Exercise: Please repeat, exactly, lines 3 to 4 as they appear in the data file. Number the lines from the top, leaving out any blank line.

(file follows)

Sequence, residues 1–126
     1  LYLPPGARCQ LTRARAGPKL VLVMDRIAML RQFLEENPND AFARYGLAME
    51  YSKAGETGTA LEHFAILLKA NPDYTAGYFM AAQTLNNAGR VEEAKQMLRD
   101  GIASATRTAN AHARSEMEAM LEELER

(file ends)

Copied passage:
    51  YSKAGETGTA LEHFAILLKA NPDYTAGYFM AAQTLNNAGR VEEAKQMLRD
   101  GIASATRTAN AHARSEMEAM LEELER